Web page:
To give the reader just an idea of how popular beauty bloggers are and how they impact the lives of millions of people, think of the following. A few months ago one of the most popular beauty bloggers, Zoella, published her first novel: Girl Online. The book was an instant bestseller. It sold almost hundred thousand copies in its first week on the market and scored the highest first-week sales for a debut author ever. Thousands of teenage girls rushed to the bookshops. As it later turned out, Zoella had not written the book, a ghost writer had. The beauty blogger was just an advertising tool, and it must be said: what an effective one! If authenticity is a noble thing and even a moral value, serious objections can be raised against such practices and the phony authenticity that prevails in many parts of the blogosphere.

Fragile teenagers

I do not want to claim that being a YouTuber can’t be an honorable profession, and that honest and talented people try to make the best of the opportunities the new media have to offer. Knowing how to put on your make-up properly and having good taste is surely a talent. But the entire beauty and cosmetics industry and the world of beauty bloggers do raise some moral questions. The most important target audience for people like Tanya Burr are teenagers. These teenagers are constantly confronted with the same message: buy, buy, buy! Spend more money! Moreover, the message to these teenagers is always, if not explicit than at least implicit, that they need all those cosmetics and fancy clothes to be more beautiful and happy. How this can positively impact the beauty ideal and self-image of often fragile teenagers is highly questionable.


Ironically, responsible consumption and production is the 12th global goal. The UN explicitly recognizes that overconsumption is too heavy a burden on the shoulders of our small planet. Beauty bloggers spend hundreds and even thousands of dollars per month on products they cannot possibly use (up) and they promote over consumption. Nobody needs twenty types of mascara, hundred kinds of lip gloss or five new Ray-Ban sunglasses a year.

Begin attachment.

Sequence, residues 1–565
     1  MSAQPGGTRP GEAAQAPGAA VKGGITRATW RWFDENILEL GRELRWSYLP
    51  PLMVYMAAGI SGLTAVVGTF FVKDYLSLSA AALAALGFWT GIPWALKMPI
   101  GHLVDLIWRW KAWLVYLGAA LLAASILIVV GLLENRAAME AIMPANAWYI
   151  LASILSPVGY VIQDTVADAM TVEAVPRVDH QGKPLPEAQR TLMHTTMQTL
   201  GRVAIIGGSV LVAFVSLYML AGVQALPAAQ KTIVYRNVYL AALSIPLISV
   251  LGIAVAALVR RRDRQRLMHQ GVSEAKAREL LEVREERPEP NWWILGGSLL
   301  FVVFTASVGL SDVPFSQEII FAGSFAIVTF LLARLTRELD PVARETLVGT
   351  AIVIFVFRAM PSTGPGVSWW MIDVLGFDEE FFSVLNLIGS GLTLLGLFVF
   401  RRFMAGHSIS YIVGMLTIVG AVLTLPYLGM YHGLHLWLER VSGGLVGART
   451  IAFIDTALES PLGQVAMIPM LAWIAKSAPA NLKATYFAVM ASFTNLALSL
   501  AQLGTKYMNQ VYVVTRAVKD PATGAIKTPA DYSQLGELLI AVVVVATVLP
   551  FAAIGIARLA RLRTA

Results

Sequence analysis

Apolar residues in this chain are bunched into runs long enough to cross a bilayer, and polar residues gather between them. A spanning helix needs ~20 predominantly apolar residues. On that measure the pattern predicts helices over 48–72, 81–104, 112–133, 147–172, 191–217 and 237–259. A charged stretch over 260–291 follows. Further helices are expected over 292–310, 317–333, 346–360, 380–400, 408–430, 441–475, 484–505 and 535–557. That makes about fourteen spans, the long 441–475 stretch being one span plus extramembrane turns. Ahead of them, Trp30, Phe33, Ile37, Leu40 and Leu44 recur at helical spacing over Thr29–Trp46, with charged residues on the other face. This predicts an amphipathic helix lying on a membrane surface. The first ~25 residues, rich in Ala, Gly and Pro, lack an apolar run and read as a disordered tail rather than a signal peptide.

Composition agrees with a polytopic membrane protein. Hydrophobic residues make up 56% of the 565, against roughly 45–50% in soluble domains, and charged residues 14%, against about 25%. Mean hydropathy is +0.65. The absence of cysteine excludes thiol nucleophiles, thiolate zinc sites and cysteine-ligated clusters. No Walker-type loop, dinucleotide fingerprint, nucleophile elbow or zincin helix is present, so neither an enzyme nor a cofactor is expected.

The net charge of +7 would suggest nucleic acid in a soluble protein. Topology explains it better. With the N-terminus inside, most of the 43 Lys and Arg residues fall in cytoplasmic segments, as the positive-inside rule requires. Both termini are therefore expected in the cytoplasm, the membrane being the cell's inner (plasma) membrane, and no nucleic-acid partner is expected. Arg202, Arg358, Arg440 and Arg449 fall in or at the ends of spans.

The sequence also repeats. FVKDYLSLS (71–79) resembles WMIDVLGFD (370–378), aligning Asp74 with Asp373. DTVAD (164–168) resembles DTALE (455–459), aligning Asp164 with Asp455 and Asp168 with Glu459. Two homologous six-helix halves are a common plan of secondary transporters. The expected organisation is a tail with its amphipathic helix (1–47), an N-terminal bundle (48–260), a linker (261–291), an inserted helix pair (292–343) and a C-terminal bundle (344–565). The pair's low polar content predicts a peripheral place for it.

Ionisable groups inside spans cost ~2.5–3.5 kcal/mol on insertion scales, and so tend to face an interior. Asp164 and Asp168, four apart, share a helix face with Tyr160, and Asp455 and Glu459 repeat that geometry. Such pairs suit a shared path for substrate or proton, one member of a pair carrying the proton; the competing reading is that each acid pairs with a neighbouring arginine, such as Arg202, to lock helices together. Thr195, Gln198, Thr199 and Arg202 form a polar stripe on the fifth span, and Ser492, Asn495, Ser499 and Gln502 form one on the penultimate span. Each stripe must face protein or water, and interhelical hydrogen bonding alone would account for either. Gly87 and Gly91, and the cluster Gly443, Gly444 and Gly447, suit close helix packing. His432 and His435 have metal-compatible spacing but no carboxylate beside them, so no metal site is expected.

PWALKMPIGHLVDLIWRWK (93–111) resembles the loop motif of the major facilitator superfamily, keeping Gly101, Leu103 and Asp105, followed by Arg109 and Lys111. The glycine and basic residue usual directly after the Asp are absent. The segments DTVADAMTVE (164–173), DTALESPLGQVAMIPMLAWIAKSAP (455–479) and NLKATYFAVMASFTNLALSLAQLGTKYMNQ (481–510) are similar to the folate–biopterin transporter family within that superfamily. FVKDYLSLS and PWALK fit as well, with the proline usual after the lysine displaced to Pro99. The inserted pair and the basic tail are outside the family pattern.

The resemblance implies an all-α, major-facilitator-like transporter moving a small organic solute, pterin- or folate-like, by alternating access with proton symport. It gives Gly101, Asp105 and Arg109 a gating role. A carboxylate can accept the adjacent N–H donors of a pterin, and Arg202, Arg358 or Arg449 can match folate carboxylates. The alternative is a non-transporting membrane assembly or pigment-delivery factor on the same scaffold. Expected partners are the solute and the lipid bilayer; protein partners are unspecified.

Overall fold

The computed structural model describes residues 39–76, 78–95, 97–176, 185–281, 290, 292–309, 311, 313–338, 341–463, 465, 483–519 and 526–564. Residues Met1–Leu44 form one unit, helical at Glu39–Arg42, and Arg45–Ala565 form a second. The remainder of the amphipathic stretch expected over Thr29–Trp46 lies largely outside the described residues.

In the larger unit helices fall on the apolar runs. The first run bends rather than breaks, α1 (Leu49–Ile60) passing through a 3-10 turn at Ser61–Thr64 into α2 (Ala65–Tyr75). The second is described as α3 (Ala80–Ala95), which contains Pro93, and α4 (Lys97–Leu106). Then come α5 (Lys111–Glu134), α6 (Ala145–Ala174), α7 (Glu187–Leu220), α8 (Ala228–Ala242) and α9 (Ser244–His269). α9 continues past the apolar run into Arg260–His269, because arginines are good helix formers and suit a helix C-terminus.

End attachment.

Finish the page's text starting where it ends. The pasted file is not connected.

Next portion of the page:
Moreover, it can be observed that Tanya Burr has started her own brand of cosmetics. But to my knowledge, her brand does not have the cruelty free label or the label that its ingredients are biodegradable or that it is made in a sustainable way. And on her channel and on social media, Burr promotes products that are made in China and tested on animals (which is prohibited in several European countries). How to reconcile this with animal rights and global goals number 14 and 15 – the protection of life below water and on land?

Lead by example

By opting for such ambassadors the UN undermines its own goals. The UN seemed more concerned about the fame of its goals, than about their workability and credibility. The world will not become a better place thanks to shallow pleas. The world needs people who lead by example. The young Dutch student Boyan Slat for example, who developed a plan to clean out the oceans. Or Steven Vroman, known as low impact man, whose campaigns to protect the environment are credible precisely because Vroman consistently tries to reduce his own ecological footprint.

Only such people can be credible defenders of a brighter future: people whose moral authority does not depend on the amount of subscribers they have or how many likes on YouTube or Facebook, but on how they live. The only option to regain credibility for the global goals campaign is to ask its ambassadors to change their own ways of life. It is easy to say the world needs to change, without acknowledging we need to change. A better world begins in each of us: not in what we say, but in what we do.


We live in an era in which our global and moral goals have to be profitable. They need to fit within a commercial and economic framework to be effective. They need to get attention, likes on Facebook; they need to become hashtags on Twitter. The paradox is that it is exactly this commercial framework and the narrow market economy mentality of profit and popularity that obstructs real sustainability and that suffocates our planet. The UN shot itself in the foot. It reduced its global goals to the same category as a Mac lipstick or L’Oreal shampoo; to the category of products that have to be advertised and that need to sell, and that aren’t made or promoted in a very sustainable fashion. That is worth a firm dislike and many thumbs down.